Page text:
EXAMPLE: We live in a day and age whereby we arrogantly declare, “It’s my life, and I can do what I want.” And then we are shocked when others do that very thing to innocent people by murdering them in droves. We try to solve our societal problem of irresponsibility by making those who are responsible suffer by taking away their constitutional rights. Or we try to redefine irresponsibility to make it sound acceptable; such as in the redefinition of marriage or what constitutes a family. In our sin sick society, there are those who would see Vashti as a heroine. She is just as arrogant as King Xerxes was. You can rest assured that this was probably not the first time Vashti had been asked to present herself. Vashti is not someone to emulate. She blithely tosses aside her position by arrogantly rejecting her responsibility as queen.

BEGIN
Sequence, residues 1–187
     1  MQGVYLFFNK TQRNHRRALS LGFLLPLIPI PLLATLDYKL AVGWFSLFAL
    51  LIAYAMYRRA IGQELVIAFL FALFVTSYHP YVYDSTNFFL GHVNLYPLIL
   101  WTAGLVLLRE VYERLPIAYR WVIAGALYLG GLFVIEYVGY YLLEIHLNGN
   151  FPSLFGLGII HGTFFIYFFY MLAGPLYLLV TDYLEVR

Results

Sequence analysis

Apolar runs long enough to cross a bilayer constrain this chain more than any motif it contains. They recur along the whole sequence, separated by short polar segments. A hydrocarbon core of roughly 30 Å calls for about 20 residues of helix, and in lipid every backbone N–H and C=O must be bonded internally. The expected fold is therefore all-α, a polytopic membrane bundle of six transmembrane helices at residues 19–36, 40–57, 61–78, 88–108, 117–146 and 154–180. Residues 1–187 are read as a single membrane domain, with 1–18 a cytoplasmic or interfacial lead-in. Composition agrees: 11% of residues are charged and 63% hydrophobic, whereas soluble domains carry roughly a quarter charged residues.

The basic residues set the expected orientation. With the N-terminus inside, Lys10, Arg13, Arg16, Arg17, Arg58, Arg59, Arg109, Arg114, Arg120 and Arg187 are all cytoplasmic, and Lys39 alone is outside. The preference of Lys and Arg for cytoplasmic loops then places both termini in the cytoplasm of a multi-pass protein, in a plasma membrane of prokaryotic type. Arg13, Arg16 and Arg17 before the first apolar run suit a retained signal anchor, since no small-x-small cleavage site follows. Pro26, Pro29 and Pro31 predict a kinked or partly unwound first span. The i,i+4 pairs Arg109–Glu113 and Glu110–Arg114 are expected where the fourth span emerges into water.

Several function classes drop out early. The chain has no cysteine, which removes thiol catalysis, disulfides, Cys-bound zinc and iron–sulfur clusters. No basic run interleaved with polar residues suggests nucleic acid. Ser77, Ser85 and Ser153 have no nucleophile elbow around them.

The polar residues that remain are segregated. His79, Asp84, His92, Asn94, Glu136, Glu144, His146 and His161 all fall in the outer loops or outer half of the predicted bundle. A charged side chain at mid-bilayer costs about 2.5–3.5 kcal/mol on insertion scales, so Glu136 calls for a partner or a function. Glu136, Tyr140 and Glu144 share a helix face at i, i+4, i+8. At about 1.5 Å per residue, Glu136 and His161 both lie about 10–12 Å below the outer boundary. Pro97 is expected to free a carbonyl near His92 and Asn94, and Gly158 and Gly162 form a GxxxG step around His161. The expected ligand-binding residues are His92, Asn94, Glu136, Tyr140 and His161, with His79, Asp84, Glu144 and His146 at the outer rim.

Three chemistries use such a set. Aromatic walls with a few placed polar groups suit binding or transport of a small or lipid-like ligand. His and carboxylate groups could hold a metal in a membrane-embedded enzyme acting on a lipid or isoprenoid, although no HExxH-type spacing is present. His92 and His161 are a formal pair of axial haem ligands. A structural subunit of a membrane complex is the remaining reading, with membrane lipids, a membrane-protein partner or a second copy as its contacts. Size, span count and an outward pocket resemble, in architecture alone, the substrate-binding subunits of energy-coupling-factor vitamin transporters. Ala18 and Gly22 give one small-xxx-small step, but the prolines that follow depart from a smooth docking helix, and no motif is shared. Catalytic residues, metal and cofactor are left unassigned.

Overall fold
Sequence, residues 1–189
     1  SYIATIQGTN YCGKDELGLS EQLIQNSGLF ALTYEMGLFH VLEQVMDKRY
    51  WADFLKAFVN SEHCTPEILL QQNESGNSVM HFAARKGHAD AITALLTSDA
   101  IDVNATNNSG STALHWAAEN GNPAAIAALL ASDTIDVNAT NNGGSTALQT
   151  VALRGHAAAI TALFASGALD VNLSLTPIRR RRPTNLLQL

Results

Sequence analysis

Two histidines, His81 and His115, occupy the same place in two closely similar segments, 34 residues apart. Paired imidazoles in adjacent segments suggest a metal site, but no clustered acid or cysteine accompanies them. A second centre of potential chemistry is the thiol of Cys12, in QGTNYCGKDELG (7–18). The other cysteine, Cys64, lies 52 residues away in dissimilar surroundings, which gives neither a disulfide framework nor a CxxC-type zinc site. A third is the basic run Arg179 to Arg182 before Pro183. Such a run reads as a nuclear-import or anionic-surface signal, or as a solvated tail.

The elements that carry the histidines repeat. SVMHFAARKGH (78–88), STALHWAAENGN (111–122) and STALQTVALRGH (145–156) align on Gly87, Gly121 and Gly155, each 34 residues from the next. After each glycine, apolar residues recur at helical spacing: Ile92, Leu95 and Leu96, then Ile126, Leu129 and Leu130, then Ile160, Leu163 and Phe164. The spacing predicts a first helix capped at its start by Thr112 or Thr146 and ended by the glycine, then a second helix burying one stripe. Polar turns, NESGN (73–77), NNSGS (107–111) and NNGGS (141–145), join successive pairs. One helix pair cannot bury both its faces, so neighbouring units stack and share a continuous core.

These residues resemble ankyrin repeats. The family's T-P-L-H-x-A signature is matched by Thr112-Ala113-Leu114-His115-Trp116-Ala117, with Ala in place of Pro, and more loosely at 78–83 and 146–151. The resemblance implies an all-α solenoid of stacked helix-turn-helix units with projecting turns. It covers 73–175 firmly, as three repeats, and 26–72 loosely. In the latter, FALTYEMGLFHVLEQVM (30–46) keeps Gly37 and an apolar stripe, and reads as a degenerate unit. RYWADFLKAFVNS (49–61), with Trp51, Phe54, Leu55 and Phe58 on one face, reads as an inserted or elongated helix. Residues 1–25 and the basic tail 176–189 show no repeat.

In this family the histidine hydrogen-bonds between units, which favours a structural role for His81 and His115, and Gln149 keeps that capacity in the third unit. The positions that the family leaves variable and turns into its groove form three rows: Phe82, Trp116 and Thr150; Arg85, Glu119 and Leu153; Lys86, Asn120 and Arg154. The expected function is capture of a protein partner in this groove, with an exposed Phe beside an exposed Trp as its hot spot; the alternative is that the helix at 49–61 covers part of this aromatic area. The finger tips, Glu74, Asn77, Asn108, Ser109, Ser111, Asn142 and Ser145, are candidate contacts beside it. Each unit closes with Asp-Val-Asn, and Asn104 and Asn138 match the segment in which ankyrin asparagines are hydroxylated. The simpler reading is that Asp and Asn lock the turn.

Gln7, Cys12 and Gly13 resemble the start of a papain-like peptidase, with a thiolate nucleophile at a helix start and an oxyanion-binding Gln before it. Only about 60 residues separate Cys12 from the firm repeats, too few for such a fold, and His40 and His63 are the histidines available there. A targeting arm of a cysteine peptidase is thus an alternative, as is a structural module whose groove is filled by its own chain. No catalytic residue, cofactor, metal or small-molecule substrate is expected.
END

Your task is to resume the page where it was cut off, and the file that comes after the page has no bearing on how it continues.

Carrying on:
Today we learned about being obedient and being responsible.
Scripture taken from the HOLY BIBLE, NEW INTERNATIONAL VERSION®. Copyright © 1973, 1978, 1984 Biblica. Used by permission of Zondervan. All rights reserved.
Pastor Lee Hemen has been the outspoken pastor of the same church for 27 years in Vancouver, WA. He writes regularly on spirituality and conservative causes and maintains several web blogs. This article is copyrighted © 2013 by Lee Hemen and is the sole property of Lee Hemen, and may not be used unless you quote the entire article and have my permission.